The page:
Teddy Roosevelt Ascension To The White House As Governor of New York, Roosevelt would once again stand on his own and distance himself from the political bosses and machines that got him elected. The head of the Republican machine, Thomas Platt, had misgivings about making Roosevelt governor of New York because of Roosevelt’s total independence and his reform nature. But in the gubernatorial race of 1898, with the bad press the Republican Party was receiving, there seemed to be no one else who had a chance. Roosevelt was riding the crest of the wave of being a true war hero, and with Platt’s help together they might keep the Democrats from winning the office. Platt in return for his help expected Roosevelt to let him make the appointments and carry the party line.
Roosevelt had no intentions of being Platt’s puppet, and as soon as he got in office the two would begin to battle. Roosevelt had to be careful, because to totally alienate Platt would cripple his chances to go any further politically or even threaten his chances to be reelected governor. Roosevelt made his point by declining to appoint Platt’s first suggested appointee. After making his point, however, Roosevelt tried to work with the Republican boss to the extent of not abandoning his own principals. Platt for his part could not toss the war hero out on his ear in 1900, but at the same time, he wanted to find a way to gracefully get Roosevelt out of his hair.
Platt’s opportunity to get rid of Roosevelt came with the approach of the presidential election of 1900. McKinley was discretely looking for a new running mate to replace Hobart in the upcoming election. It was fairly obvious that the Democrats would choose William Jennings Bryan as their candidate of choice again, and McKinley would need a fiery speaking running mate to offset Bryan’s oratory abilities. McKinley would simply sit back and look Presidential while his running mate would attack Bryan. Hobart was not a gifted orator, and this decision to replace him became all that much easier when he died just prior to the national Republican convention. Mark Hanna had run McKinley’s campaign in 1896 and wanted nothing to do with Roosevelt in 1900. Platt on the other hand saw his opportunity to get rid of Roosevelt at the same time saving face in his own home state of New York.
The men of the west deeply distrusted Mark Hanna, and loved Roosevelt, so a vote for Roosevelt would both serve to promote their hero, while at the same time taking a shot at Hanna. Roosevelt for his part did not want the Vice Presidency, but instead he wished to be reelected as governor of New York. As time went by, it became more and more apparent that Platt did not want Roosevelt to remain in office and that, even if nominated, he would have a tough time being reelected. From Roosevelt’s perspective, the governor’s job paid much better than that of Vice President, plus the work of governor was more exciting. Roosevelt knew that the position of Vice President was one of obscurity, and judging from history wasn’t the best approach to the White House. However, the Vice Presidency was still better than no job at all so when the nomination came he was happy to except it.
Platt had arranged things so well, that by the time the convention rolled around, Hanna could do nothing to stop Roosevelt’s nomination. Hanna was furious at the convention believing that the rest of the party had gone mad. When someone asked Hanna what was the matter, he retorted, Matter! Matter! Why, everybody’s going headlong for Roosevelt for Vice President. Don’t any of you realize that there’s only one life between that madman and the Presidency? Hanna then threw in the towel and made the nomination of Roosevelt for Vice President unanimous. As the campaign began to wind up, Roosevelt consulted Hanna on what his part should be in the election.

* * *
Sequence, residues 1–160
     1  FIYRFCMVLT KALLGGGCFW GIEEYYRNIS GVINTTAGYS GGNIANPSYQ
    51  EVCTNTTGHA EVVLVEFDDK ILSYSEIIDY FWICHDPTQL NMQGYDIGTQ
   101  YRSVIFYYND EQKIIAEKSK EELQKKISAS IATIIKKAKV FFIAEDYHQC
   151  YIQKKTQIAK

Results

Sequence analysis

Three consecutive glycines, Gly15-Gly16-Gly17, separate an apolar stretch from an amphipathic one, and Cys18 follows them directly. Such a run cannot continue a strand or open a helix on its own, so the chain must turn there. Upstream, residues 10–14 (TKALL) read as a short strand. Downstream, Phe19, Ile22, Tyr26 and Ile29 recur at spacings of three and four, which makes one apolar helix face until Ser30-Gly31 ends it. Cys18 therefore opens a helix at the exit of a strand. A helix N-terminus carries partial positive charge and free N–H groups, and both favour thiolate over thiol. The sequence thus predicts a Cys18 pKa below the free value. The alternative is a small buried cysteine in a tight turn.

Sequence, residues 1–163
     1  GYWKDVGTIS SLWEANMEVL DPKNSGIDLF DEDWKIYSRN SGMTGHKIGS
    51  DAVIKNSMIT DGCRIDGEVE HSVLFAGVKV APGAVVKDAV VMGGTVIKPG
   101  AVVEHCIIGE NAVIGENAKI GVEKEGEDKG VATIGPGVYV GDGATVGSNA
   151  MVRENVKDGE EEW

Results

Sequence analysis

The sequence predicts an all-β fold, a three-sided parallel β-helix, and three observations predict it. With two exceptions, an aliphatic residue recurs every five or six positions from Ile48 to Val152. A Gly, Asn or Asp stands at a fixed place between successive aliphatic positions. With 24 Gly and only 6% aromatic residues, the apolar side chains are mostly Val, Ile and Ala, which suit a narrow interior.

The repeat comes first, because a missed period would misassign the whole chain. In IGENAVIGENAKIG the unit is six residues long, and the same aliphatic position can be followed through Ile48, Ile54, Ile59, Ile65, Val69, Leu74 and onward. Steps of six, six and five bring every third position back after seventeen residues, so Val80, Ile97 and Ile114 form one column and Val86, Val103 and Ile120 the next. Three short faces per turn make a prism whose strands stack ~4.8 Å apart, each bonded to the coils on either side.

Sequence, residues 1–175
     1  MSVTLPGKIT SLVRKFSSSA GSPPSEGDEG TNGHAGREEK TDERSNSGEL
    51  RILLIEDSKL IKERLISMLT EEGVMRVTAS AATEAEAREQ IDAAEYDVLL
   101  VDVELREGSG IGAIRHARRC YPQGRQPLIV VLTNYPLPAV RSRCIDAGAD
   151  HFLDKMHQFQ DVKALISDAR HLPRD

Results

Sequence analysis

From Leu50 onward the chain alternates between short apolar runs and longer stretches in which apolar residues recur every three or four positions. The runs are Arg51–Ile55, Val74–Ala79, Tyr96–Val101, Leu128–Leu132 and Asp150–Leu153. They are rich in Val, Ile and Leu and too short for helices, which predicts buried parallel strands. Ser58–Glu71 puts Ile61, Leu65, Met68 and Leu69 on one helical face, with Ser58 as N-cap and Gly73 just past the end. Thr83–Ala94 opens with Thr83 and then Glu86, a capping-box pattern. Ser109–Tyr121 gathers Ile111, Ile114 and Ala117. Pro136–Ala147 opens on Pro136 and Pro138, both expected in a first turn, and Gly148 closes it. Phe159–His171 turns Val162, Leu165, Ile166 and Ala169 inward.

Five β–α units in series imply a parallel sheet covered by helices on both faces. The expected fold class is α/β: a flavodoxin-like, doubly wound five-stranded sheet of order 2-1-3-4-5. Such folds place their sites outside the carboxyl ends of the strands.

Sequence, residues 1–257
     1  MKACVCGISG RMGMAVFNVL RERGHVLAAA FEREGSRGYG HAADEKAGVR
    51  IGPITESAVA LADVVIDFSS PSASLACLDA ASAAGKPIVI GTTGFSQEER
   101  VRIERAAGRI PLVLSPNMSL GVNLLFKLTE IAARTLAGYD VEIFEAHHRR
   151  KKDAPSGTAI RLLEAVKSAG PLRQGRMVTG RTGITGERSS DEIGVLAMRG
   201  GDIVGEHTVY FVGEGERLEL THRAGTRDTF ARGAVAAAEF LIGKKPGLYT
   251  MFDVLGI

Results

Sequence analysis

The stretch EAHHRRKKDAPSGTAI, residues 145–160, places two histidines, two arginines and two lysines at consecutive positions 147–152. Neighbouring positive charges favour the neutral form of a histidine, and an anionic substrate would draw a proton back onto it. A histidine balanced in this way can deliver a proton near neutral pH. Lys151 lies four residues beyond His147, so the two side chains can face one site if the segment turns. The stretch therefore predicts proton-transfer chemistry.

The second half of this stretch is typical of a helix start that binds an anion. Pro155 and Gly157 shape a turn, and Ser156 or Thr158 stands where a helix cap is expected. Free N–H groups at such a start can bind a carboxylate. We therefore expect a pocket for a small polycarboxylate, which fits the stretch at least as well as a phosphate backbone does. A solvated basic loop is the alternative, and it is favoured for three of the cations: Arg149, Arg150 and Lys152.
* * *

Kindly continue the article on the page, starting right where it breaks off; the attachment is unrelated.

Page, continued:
Roosevelt was sent west to canvass the men with whom he connected so well. Roosevelt played a successful role in the election, and McKinley won by a bigger majority then he had in 1896. A problem arose when Roosevelt’s press and popularity began to rival that of the President himself. Jealousy raised its ugly head on the part of McKinley, and Roosevelt would need to find a way to play second fiddle and not to upstage the boss. Immediately after the election Roosevelt headed west for a hunting trip to try to lay low. While hunting cougar and lynx the dogs had managed to tree a mountain lion.
As Roosevelt and his guide approached on horseback the cat, more afraid of them then the dogs, leaped from the tree and took off again. Finally the dogs managed to tree the big cat again. This time when the hunters approached and the cat leaped from the tree the dogs caught it and began to fight with the mountain lion. The dogs were taking a beating from the big cat, but were relentlessly going in again and again. Roosevelt not wanting to shoot one of the dogs, but also wanting to keep the cat from inflicting any more damage on them jumped in with a knife and stabbed the big cat behind the shoulder thrusting the blade into the heart and killing it.
Roosevelt wrote home to his son Ted, I have always wished to kill a cougar as I did this one, with dogs and the knife. The story received so much press that again he was upstaging his boss. For his part, if he wished to be president in 1904, he would have to forego the hunting trips for fear of outshining the boss and losing favor with the party. President By Assassination As the events played out it would not take Roosevelt until 1904 to ascend to the Presidency. The assassin’s bullet would bring down McKinley at the Pan-American Exposition at Buffalo.
The anarchist, Leon Czolgosz, approached McKinley and shot him. The surgeons who worked on him decided not to use the newly invented X-ray machine, which was on display at the exposition. Instead they repaired the holes in his stomach and hoped for his recovery. Roosevelt, upon receiving the news, came to the President’s side in Buffalo, but left to go on a family vacation in the Adirondacks when it appeared that the President was out of the woods. On September 12th Roosevelt, while eating lunch on his decent down a mountain, caught site of a man coming out of the woods on the trail down below. By his appearance it was at once obvious that this man was no ordinary hiker. Roosevelt knew that he was the bearer of bad news. They returned to the cabin, and later in the evening when the news reached that the situation was grave, Roosevelt headed out in the dark with a driver in a wagon bound for Buffalo.